An MP3diags check of
would probably reveal more.
Could you supply one of these fresh files?
Fresh and untouched as
a) not loaded in Mp3tag
b) not loaded in Mp3diags
just as original as you got it from your source @twsf , please.
I did post MP3Diags scan of untouched above. Here are three of the fresh files you can examine yourselves:
The 3 files at that address show the following in MP3diags:
Looks to me like the are not really intact.
What is peculiar:
they have ID3V2.2 tags.
They have embedded covers in the png format.
They have ISO-8859-1 character encoding.
So the assumption that MP3tag ruins the files is way off IMHO - as they have been damaged from the start.
If a player then cannot interpret the tag data properly (and the embedded picture is big enough to make up more than 20 seconds more in length) and the original tag data is interpreted as audio data, then your observations are correct in respect to the integrity of the files but wrong in respect to the root cause.
A workaround would be to cut the tags and re-write them with MP3tag.
This removes also the unknown streams
I'm afraid I don't understand. MP3Tag shouldn't instantly make a bunch of changes when importing these files, which scan accurately and play absolutely fine in FOUR different audio apps when untouched (VLC, WinAmp, Emby, Windows Media Player.) Yes, the embedded cover images are large (1MB each). Yes, the character encoding is not U.S.-centric, because the performer is Icelandic and has special characters/diacriticals in his name! Why does it matter if V2.2 tagss are used. I genuinely don't understand why merely importing these files into MP3 would cause such mayhem. Let alone how I am supposed to use the software to make the range of tag edits I would like and have the resulting files scan, time, and play correctly.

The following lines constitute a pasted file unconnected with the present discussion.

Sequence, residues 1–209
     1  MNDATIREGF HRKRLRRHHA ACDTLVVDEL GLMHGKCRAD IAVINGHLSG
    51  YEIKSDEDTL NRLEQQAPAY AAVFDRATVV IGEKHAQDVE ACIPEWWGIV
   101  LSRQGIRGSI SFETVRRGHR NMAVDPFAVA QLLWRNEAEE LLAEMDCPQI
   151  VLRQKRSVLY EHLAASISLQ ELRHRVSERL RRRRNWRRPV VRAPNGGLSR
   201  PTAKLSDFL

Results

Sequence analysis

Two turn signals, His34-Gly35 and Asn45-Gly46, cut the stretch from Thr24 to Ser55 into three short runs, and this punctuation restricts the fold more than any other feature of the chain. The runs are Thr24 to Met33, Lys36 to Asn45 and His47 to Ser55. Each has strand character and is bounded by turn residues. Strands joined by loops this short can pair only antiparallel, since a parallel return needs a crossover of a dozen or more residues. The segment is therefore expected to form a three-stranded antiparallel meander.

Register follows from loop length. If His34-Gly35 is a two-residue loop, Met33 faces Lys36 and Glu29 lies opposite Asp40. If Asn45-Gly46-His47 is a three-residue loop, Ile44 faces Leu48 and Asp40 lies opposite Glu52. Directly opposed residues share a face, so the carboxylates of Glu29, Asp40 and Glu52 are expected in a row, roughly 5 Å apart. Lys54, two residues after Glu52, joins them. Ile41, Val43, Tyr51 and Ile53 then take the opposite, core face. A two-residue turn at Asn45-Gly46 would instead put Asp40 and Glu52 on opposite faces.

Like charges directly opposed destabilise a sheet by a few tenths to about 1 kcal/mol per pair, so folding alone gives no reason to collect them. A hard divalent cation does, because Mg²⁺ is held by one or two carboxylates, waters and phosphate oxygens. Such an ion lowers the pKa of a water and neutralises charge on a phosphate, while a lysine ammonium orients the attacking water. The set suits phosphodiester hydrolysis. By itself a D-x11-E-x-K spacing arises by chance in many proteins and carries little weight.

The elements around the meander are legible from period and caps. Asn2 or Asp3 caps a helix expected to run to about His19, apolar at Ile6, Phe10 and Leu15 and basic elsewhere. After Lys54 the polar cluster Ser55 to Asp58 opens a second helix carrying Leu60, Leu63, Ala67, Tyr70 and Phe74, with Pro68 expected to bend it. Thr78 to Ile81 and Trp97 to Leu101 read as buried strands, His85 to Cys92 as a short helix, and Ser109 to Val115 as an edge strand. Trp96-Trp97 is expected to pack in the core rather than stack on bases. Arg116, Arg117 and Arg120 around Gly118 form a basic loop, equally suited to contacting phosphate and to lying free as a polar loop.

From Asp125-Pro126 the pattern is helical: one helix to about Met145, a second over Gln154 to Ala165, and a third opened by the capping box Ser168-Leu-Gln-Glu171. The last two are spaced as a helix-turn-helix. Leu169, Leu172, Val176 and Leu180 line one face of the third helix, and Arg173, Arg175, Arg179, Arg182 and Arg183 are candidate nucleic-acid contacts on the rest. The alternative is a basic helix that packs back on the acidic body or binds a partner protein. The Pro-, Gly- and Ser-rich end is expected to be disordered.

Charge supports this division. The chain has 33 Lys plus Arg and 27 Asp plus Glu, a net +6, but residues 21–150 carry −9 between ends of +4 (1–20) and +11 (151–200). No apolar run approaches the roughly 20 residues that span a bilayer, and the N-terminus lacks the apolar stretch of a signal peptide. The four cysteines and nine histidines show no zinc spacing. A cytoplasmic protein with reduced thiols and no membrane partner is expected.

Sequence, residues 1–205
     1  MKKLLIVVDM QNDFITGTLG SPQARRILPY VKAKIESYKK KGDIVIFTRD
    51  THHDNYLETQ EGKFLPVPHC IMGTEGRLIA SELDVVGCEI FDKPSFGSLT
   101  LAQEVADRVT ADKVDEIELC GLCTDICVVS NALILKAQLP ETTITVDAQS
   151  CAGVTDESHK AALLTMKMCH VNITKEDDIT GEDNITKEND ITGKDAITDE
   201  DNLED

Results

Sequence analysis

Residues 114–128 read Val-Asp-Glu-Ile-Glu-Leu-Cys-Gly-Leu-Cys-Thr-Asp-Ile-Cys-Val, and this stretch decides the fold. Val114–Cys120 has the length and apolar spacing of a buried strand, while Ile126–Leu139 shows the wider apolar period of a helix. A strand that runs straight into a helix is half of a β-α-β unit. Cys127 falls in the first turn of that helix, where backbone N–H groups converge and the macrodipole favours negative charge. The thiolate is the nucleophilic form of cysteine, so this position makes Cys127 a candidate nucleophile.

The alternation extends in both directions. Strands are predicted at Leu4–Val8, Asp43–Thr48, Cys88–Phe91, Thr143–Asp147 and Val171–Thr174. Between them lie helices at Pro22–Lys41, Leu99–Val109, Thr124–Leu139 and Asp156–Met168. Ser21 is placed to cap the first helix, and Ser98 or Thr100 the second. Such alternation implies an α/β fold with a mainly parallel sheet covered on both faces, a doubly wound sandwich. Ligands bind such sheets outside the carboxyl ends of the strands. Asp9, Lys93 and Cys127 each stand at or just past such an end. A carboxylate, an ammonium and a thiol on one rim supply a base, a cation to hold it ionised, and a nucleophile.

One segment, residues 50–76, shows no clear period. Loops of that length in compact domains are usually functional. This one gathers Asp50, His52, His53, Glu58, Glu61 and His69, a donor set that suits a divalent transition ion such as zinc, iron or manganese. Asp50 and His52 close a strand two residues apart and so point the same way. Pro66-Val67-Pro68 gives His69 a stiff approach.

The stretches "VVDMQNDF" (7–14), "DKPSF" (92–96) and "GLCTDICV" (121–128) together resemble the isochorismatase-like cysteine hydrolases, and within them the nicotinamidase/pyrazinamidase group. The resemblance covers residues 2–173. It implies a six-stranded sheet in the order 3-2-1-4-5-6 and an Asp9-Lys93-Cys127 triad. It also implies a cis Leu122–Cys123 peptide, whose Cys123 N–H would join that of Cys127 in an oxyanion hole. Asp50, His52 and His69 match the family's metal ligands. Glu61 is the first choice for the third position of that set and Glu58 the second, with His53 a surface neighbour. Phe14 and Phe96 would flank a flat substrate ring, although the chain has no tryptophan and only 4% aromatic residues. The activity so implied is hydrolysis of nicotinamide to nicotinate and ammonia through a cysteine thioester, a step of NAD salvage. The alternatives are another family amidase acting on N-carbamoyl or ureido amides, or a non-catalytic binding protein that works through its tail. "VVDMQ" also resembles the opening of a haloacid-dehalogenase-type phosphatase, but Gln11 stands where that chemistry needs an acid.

And to be clear, these files aren't pirated nor from a dodgy source - they are from one of the most reputable music sources on the planet, which distributes for Decca, Deutsche Gramophone, and even ECM. .
You see in my screenshot your unaltered files which produce nothing but errors in MP3diags.
For me this is proof that these files were damaged from the start.
If you cut the ID3V2.2 tags - which seem to cause the problems - and replace them with proper ID3V2.3 tags, then the files are OK again.
The ISO-8859-1 character encoding is actually dependent on the system code page. I would prefer one that does not rely on these system settings, e.g. UTF-16 or UTF-8.
That a player plays a file does not mean that it is OK. The player simply skips the tag part. But apparently that does not work properly if that damaged ID3V2.2 tag is interpreted as audio data once the ID3V2.3 tag is written on top of the previous tag.
Oho! It seems one simple change made all the difference: removing the 1MB embedded 1000x1000 cover image and replacing with resized 600x600 400kb png. Even after adding and modifying lots of tags, now everything scans and plays properly:
Amazing how much trouble a large embedded cover image seems to have been causing.